for about forty innings this year before being traded to the Mets and pitching twenty-one and one-third very good innings. DeJean kept up a good strikeout rate and reduced his walks on his way to a 1.69 ERA in New York. There's plenty of reason to question whether he can maintain anything resembling that success, as he has only posted an ERA under 3.00 once in his eight-year major league career. He could just be another Rick Peterson mirage, like Matt Ginter
. But the Mets gave him a very reasonable contract so he's worth a shot.
Things are likely to remain interesting from here on out until the Mets have filled all of the vacancies on their roster. So far the rumors of things Omar Minaya is thinking about doing have been much scarier than the things he's actually done, so maybe this team will turn out all right. There are still plenty of things for Minaya to do to make it so.
Somehow I thought I'd be happier. I mean, Mike Stanton, blower of leads and slaughterer of puppies, is no longer a New York Met! And even better, they managed to trick the Yankees
into reclaiming his bloated carcass! And yet, all is not well on what should have been a day of celebration. For while the Mets did manage to rid themselves of one of the most useless members of their roster, they've exchanged him for perhaps an even crappier relief pitcher. Mike Stanton is a New York Yankee once again and Felix Heredia
is a New York Met.
Stanton had a pair of awful seasons with the Mets, though in 2004 he managed to post some decent stats like a 3.16 ERA even though his strikeout and walk rates were basically identical to his numbers from 2003, when he posted a 4.57 ERA. Of course, he managed to reduce his home run rate, giving up the same number, six, in about thirty-two more innings. Still, if you look at Baseball Prospectus
for relief pitchers and inherited runners, Stanton comes out as the third-worst reliever in the majors in 2004. Now, there's some debate as to how useful these stats really are in determining a reliever's true ability and certainly Stanton's poor showing is due at least in part to the utterly clueless way in which Art Howe utilized him. But even allowing for that, Stanton clearly performed poorly in the job he was asked to do this year and thus the Mets wasted a large sum of money and playing time on a guy who did little to help them win games.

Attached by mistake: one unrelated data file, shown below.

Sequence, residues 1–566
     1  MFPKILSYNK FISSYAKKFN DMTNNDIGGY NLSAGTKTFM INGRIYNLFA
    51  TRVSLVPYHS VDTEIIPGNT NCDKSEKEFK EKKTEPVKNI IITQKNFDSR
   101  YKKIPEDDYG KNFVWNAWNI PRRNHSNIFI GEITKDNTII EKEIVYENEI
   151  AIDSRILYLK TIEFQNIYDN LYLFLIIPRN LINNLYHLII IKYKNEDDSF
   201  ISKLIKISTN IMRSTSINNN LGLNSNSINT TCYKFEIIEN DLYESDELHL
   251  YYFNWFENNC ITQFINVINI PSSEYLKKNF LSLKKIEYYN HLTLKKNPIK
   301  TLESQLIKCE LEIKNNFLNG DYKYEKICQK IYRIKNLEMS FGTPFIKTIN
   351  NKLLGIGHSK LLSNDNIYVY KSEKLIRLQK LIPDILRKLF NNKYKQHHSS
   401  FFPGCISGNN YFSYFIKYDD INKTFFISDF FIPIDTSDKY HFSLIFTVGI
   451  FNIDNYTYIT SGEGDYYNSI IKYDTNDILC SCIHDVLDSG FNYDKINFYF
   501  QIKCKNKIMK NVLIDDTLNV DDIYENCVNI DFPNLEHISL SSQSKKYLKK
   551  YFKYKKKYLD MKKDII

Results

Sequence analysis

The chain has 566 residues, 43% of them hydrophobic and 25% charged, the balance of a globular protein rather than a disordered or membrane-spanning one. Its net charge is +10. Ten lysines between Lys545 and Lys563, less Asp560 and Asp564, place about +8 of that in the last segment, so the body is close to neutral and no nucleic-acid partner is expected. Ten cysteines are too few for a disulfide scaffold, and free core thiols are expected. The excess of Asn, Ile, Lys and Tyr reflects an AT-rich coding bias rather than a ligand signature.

And here's where I think this trade might be okay. Felix Heredia also had a terrible 2004, posting a 6.28 ERA and ranking near the bottom of BP's stats as well. And his resume doesn't even contain any real periods of great success to give hope for his future effectiveness. Sure, he posted some nice ERAs in 2002 and 2003, but he also put up the worst strikeout rates of his career in those two years as well as his worst strikeout-to-walk ratios since his 1996 rookie year in which he pitched just sixteen and two-thirds innings. He appears to have gotten quite lucky regarding his ERA in those two years, and in 2004 his strikeout and walk rates stayed poor and his ERA ballooned. But here's where I'm not too scared. He's not Mike Stanton. And by that I mean he's not some respected veteran guy who's going to get chance after chance despite obvious incompetence. Now, we don't know that Willie Randolph is the kind of manager who operates that way, but given that he presumably learned his craft largely from Joe Torre, we should at least brace for it. But Heredia isn't any kind of "proven veteran" and Randolph saw first hand how awful he was in 2004. And given that even Omar Minaya doesn't seem to be saying much of anything positive about his fellow Dominican Heredia other than that he'll save the team a million bucks, I get the feeling that the team isn't really counting on him to be an important part of the 2005 bullpen.
That 2005 bullpen is still clearly a work in progress with only Braden Looper
under contract and a good bet to contribute positively for the whole year. But this move seems at worst to be no big deal and at best to be some addition by subtraction, so while this move isn't quite the excising of a cancerous growth that I envisioned the exit of Stanton from the franchise to be, it's nothing to get too upset about, either.